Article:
A new animal model of femoral head osteonecrosis: one that progresses to human-like mechanical failure.

Published in


Existing animal models of femoral head osteonecrosis, while displaying varying levels of concordance with early histopathologic features of the human disorder, generally fail to progress to end-stage mechanical collapse. A new animal model of osteonecrosis is here introduced, utilizing the emu (Dromaius novaehollandie). These animals' bipedality and their high activity level represent a much more challenging biomechanical environment to the hip than seen in quadrupedal models of this disorder. Femoral head osteonecrosis was induced surgically, using a combination of ischemic (vessel ligation) and cryogenic (liquid nitrogen) insults. Of nineteen emus allowed free-roaming pen activity to study the natural history of such lesions, eighteen progressed to an osseous structural failure, sixteen of them developing incapacitating lameness at an average time point 11.75 weeks after the surgical insult. Histologically, the animals showed close concordance with both the early- and late-stage human pathology, in six cases even to the point of developing a crescent sign. Because of its large physical size and its consistent progression to mechanical collapse, the emu appears to offer a unique opportunity for the near-human-scale study of surgical interventions to forestall femoral head collapse. Toward this end, various directions for model refinement are outlined.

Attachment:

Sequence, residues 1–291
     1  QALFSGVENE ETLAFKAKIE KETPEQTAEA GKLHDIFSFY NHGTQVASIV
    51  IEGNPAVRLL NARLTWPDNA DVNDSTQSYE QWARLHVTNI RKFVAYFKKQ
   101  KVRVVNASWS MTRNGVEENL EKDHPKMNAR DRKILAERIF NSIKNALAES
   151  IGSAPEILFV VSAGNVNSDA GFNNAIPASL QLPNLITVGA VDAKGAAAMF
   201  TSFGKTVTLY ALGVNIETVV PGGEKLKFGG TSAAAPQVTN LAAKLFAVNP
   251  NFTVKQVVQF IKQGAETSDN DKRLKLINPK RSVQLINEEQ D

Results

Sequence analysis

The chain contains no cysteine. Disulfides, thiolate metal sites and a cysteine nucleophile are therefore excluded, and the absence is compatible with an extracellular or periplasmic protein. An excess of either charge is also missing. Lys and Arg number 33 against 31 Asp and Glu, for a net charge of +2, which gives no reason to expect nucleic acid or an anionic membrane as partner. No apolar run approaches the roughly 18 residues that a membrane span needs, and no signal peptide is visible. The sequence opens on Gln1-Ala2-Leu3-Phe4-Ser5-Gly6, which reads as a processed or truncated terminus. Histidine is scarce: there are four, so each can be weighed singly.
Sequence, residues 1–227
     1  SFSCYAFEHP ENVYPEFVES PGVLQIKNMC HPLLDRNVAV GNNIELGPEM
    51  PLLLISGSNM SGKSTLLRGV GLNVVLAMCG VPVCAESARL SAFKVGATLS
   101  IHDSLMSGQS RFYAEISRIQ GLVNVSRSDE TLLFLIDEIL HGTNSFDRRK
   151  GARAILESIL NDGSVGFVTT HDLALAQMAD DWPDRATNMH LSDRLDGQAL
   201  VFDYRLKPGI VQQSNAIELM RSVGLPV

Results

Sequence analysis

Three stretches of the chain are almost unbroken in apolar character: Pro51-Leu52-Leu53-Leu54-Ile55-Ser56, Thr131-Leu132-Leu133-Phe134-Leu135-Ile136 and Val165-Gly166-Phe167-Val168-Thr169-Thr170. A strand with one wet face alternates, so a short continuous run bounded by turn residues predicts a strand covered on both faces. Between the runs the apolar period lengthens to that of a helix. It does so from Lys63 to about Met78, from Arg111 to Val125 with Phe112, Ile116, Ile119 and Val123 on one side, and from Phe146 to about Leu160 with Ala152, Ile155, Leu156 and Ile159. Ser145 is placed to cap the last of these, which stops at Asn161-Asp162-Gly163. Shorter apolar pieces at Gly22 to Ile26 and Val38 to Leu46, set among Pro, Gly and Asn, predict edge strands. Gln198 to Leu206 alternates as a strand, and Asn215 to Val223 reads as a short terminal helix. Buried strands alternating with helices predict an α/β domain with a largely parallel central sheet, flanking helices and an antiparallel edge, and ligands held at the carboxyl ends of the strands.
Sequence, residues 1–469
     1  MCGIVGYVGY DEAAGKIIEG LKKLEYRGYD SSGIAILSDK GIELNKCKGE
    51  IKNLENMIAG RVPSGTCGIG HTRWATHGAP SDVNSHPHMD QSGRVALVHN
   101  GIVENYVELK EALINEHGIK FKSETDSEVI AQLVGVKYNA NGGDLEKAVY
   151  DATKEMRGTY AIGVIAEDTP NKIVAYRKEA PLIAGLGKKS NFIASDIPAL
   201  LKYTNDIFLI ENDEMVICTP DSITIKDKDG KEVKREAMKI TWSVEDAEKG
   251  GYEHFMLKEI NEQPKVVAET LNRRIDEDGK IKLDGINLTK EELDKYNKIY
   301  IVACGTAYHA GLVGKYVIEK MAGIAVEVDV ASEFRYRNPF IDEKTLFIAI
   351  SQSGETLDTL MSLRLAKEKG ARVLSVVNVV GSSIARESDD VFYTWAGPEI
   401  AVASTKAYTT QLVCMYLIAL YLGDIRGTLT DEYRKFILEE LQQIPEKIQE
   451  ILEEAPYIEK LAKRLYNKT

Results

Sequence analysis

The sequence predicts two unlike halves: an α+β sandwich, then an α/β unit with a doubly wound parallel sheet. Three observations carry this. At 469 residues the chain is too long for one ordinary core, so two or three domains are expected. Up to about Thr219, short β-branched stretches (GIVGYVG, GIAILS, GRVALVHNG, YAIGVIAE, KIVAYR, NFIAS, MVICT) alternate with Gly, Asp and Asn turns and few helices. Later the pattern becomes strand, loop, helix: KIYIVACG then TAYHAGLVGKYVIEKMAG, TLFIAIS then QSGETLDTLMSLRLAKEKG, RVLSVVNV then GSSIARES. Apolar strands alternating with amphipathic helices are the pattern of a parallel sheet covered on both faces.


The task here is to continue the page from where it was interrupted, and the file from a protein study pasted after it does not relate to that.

J Orthop Res. 2002 Mar;20(2):303-9.